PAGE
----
Jim Bakker was convicted and sentenced to 45 years in the slammer

In 1989, Jim Bakker was found guilty of all 24 counts of fraud after prosecutors targeted the 66,000 "lifetime partnerships" he sold at $1,000 a pop for a free stay at his theme park's hotel, the Charlotte Observer reported. According to the Los Angeles Times, the disgraced televangelist received a sentence of 45 years in a federal penitentiary, and would be eligible for parole after 10 years behind bars. The sentencing memo requested that Bakker be ordered to pay restitution, with unsettled claims adding up to about $100 million. He was ultimately fined $500,000.

"I'm deeply sorry for those I have hurt," Bakker told the judge ahead of his sentencing. "I have sinned. But never in my life did I intend to defraud." As stiff as the sentence was, Jessica Hahn still felt it wasn't severe enough. "In my opinion, I still feel like it won't add up to the years that people worked to save up money to give to PTL," she later said, per the Los Angeles Times.

Tammy Faye Bakker divorced him while he was imprisoned for fraud

While Jim Bakker was serving his time, his lawyer had successfully waged a campaign to reduce his sentence to 18 years in 1991, reported the Los Angeles Times. "I ask all that I have hurt to please forgive me," Bakker said at the time. "I have asked heavenly God to please forgive me and now I ask this court for human forgiveness."

One person who wasn't feeling so forgiving, however, was the televangelist's wife, Tammy Faye Bakker. Eleven months after her husband's initial sentencing, she issued a statement to People. "I AM EXPERIENCING MANY EMOTIONS as I write to you today. Great sadness, fear of your rejection, and relief that I am able to be totally honest with you. I do not expect your understanding, but please try not to react cruelly," Tammy Faye wrote, before dropping a bombshell. "Jim and I are getting a divorce."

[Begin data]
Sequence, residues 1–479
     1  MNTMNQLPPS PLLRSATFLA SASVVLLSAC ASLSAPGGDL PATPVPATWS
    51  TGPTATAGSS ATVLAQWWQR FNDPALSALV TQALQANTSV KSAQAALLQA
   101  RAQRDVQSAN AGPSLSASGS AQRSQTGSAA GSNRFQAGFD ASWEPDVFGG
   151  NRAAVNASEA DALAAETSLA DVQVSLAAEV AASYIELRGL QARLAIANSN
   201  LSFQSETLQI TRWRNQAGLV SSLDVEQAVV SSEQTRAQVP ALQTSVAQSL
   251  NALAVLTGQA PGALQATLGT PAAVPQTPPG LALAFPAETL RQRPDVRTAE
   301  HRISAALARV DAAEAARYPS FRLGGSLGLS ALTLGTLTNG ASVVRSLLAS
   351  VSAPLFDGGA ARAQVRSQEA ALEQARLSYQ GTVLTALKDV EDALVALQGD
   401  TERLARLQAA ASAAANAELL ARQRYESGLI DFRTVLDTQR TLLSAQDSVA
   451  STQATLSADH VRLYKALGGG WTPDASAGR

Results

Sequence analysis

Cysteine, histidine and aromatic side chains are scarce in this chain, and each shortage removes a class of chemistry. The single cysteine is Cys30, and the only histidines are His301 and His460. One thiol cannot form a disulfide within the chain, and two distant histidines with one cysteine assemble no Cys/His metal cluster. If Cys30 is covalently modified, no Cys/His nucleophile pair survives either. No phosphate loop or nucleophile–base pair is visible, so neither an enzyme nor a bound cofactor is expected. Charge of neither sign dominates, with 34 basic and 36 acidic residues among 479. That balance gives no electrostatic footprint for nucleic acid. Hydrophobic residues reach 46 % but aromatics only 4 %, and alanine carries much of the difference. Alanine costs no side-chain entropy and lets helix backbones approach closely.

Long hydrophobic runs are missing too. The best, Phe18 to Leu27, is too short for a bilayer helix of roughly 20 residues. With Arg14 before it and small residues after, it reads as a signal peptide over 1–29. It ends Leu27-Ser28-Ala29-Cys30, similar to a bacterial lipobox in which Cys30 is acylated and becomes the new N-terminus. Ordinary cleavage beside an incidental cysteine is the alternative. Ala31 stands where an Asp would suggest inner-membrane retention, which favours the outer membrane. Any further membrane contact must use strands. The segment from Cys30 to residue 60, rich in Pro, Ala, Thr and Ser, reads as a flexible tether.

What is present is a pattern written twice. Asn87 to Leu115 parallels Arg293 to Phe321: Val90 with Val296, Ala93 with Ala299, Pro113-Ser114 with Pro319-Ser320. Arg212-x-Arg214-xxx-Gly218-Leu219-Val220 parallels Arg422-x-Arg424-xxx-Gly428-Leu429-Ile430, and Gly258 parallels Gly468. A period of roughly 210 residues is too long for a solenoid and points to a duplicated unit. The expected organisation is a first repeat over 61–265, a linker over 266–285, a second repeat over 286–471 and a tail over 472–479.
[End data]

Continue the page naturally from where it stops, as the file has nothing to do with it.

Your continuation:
On Mar. 14, 1992, the Bakkers were officially ex-spouses. According to the Los Angeles Times, Tammy Faye was granted full custody of their then-16-year-old son, James Clarke Bakker.

Jim Bakker cashed in by writing a tell-all book

According to The New York Times, Jim Bakker was released from prison in 1994 and placed on parole after serving just about five years of his 18-year sentence. Having lost his ministry amid scandal, his wife following divorce, and with his reputation shattered, Bakker decided to write a book. 

Two years later, he released I Was Wrong: The Untold Story of the Shocking Journey from PTL Power to Prison and BeyondFor Bakker, it seemed the book represented a dual opportunity: attempting some damage control while making a few bucks at the same time. He claimed to have atoned for his many sins, alleging that prison had given him time to contemplate the error of his ways. Money, he alleged, had corrupted his soul. As the Charlotte Observer reported, Bakker wrote that he became "physically nauseated" while studying the Bible behind bars when he realized the prosperity gospel he'd been preaching was actually "contradicting Christ." 

The book, ABC News later noted, also saw Bakker insisting that his sexual encounter with Jessica Hahn was consensual, despite her insistence it was anything but.

Jim Bakker launched a new ministry after his release from prison

According to The Jim Bakker Show's website, the titular host had been doing "inner-city outreach" at a Los Angeles church in 1998 when he met fellow minister Lori Graham. They got married less than two months later, after which Graham — who took Bakker's last name — told the Charlotte Observer (via the Orlando Sentinel) the two were so "broke" that the groom's tux and bride's gown had to be donated by friends.

In the early 2000s, Bakker and his new wife launched The Jim Bakker Show. Originally broadcasting from a restaurant in Branson, Mo. that had been converted into a TV Studio, Bakker also set up a new ministry, the Morningside Church, where parishioners (or anybody, really) were invited to donate online.

Despite the evidence that led a federal grand jury to indict her new husband of 24 counts of fraud and conspiracy, Bakker's second wife maintained he had been railroaded by the feds. "Jim didn't steal $158 million. It was such a travesty," Lori Bakker told the Charlotte Observer. "People are smart enough to know he went to prison for a crime he didn't commit."